Nepal Trekking: How one South African found so much more than she went looking for

2016-08-28 12:46 - Hanlie Gouws
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"There is something about standing at 4 200 m and looking up at peaks reaching another 3 000 to 4 000 m above you. You forget all about the altitude stealing your oxygen, the icy wind and the many thousands of steps it took to get here..." Hanlie Gouws discovers more than she thought during a hiking adventure across Nepal's Himalayan mountains.


In June 2014 I was ill ­- ill enough to spend an entire two weeks in bed, which for me is near impossible. A kind friend who understood my frustration brought a gift: Michael Palin’s Himalaya series.

Episodes 1 and 2 were entertaining enough but then came Episode 3: Nepal.

As I watched Palin stumble and cough and laugh his way up to Annapurna Base Camp I got google-ing to see how achievable it would be for someone like me, a single trekker who earns a salary in Rands, to do the same.

I needed a reward for my body and my brain after all this frustration and I tend to follow the wisdom of naturalist John Muir who said: “In every walk with nature one receives far more than he seeks.”

Google had good news: it wouldn’t break my bones or the bank.

At the end of the episode, I Whatsapped a friend who also owned a copy of the series: “Watch Episode 3 of Himalaya. That is going to be my gift to self.”

She messaged back: “When are we going?” 

Getting there is half the fun

I was expecting to go by myself but was glad that I would be able to share it with Jalaun and her husband Wynand.

We decided to do the 11-day base camp trek at the end of November because:

a) we were not keen on the crazy peak-season crowds and

b) I was keen on snow

In peak season during April/May and September to mid-November, thousands of people fight for space on the narrow paths and bridges of the ABC circuit and you take what you get when you arrive at your tea house. Leave it until January and it might be too cold to be pleasant, and then you start going to into avalanche season.

I found a decent-looking local outfit online, and after a few emails, we fixed the price for a full 12 days at $875. That includes all permits, transport and all meals but 4.

So I had five months to get ready. I hit the gym for some altitude training and spilt much sweat doing hill runs and trolley pushes in something that looks like a bullet-proof vest.

Our tour operator, Babu Sitaula from Unique Path Trekking and, reckoned we’d not freeze to death since he would supply us with -15 C-rated sleeping bags and expedition jackets, so we got all our gear together and switched and swapped until we all had what we needed.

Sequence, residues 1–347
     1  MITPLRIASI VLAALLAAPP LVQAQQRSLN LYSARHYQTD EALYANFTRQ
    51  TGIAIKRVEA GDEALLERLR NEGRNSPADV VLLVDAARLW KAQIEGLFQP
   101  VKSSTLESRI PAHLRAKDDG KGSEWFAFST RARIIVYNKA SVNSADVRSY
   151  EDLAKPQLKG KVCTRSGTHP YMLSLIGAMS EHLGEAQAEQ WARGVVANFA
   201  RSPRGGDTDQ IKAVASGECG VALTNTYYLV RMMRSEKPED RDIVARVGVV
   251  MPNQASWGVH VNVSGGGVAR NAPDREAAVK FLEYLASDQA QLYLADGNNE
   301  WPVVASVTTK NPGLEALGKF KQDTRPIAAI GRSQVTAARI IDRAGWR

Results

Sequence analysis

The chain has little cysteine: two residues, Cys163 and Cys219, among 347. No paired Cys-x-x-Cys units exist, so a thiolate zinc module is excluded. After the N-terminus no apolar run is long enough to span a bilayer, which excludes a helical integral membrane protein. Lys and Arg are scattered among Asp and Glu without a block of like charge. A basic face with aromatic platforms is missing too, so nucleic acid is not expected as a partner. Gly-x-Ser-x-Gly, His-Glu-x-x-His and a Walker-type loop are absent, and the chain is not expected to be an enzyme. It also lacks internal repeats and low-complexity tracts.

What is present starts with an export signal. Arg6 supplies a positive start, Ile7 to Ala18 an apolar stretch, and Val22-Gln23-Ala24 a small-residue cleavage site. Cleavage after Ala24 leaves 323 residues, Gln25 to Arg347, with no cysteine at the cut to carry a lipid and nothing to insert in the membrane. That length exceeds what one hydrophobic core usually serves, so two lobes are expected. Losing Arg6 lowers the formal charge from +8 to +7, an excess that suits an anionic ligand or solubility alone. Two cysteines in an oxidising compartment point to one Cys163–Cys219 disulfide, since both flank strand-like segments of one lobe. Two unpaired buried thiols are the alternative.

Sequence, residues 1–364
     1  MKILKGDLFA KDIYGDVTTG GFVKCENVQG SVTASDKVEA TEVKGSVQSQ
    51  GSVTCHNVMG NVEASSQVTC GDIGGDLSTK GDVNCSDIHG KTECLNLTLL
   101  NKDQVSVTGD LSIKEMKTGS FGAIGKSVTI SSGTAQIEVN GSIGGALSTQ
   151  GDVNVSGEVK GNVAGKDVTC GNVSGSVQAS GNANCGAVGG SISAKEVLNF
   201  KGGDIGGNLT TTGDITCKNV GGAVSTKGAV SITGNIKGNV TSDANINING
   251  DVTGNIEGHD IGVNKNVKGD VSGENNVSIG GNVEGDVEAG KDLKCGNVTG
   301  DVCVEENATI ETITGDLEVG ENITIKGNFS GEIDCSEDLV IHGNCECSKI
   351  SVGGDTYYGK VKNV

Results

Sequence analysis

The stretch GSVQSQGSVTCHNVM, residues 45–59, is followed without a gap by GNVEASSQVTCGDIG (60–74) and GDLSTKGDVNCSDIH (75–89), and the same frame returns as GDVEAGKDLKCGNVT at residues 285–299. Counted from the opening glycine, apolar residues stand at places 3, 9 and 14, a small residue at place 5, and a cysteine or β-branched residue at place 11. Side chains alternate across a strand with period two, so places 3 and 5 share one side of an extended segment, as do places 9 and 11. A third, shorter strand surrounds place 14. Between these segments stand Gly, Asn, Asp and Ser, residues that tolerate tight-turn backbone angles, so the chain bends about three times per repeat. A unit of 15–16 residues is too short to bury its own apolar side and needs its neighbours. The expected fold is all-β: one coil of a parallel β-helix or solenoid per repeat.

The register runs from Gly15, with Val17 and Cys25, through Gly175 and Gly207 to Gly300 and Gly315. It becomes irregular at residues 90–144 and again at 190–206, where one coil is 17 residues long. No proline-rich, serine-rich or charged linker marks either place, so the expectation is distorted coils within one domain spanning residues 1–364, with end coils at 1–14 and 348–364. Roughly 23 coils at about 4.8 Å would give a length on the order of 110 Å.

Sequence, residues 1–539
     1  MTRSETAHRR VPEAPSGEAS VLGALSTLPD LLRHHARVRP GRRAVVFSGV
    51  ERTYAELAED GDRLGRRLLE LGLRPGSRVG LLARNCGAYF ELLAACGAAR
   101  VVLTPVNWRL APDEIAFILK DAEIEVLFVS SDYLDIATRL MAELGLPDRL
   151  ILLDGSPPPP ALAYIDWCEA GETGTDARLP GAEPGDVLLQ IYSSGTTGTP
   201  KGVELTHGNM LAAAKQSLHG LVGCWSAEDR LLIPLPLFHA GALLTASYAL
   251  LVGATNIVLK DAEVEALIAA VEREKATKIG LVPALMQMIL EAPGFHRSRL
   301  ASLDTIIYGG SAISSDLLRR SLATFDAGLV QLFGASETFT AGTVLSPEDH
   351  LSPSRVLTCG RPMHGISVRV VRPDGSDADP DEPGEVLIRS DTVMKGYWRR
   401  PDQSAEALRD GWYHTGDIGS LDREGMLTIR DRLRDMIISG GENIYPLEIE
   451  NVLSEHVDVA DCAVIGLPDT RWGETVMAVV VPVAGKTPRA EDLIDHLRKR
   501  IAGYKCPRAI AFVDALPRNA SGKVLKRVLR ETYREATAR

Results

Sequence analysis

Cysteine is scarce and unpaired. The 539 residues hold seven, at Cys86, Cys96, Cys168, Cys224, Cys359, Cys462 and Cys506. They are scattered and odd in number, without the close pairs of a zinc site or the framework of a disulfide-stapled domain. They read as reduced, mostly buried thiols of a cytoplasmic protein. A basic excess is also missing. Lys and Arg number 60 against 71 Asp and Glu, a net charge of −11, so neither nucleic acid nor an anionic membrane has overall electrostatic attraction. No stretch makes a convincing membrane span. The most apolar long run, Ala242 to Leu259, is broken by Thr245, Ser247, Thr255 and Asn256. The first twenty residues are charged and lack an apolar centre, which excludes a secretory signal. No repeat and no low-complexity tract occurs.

Halfway up a steep pass Ale tapped me on the shoulder and pointed to the right. “Machapuchare. Fishtail mountain,” he said. Oh, my! The famous fish-tail shape of this sacred peak that rises to almost 7 000 m above sea level was finally real! (Photo: Hanlie Gouws)

We have arrived

After what felt like forever on the plane, we landed in Kathmandu at sunset. Waiting for your luggage at this airport is a test of character. But, as a local assured us, eventually it will come. An hour and a half later our blue, pink and green bags rolled along the conveyor belt.

Our hotel was in the tourist neighbourhood of Thamel, a magical maze of restaurants, shops and hotels.

Being the foodies that we are, we headed straight for supper and ordered a round of local beers and a mix of Nepali and Tibetan dishes. Nepal is true foodie heaven!

Breakfast was as delightful too. No Kelloggs or scrambled eggs on the menu here!

Babu met us for coffee the next morning to get our trekking permits in order and gave us the good news: the three of us would be in a group all on our own with just our guide, KC Bhim who wore a fluffy, glittery glam rock scarf and Top Gun shades on the entire journey, and two porters: Ale, one of the dearest people I’ve ever met, and Sunil, a shy youngster who never gets cold and did the hike in jeans and a flannel shirt.

KC Bhim,left, who wore a fluffy, glittery glam rock scarf and Top Gun shades on the entire journey, and two porters: Ale, right, one of the dearest people I’ve ever met, and Sunil, middle, a shy youngster who never gets cold and did the hike in jeans and a flannel shirt. Ale lost his house in the April 2015 earthquake in which 8 000 people died, and Sunil, our younger porter, and KC’s  were damaged. My friend Sam Reinders went to Nepal shortly after and located Ale to give him a gift to help him get back on his feet. In return, he sent me a lovely orange scarf. (Photo: Hanlie Gouws)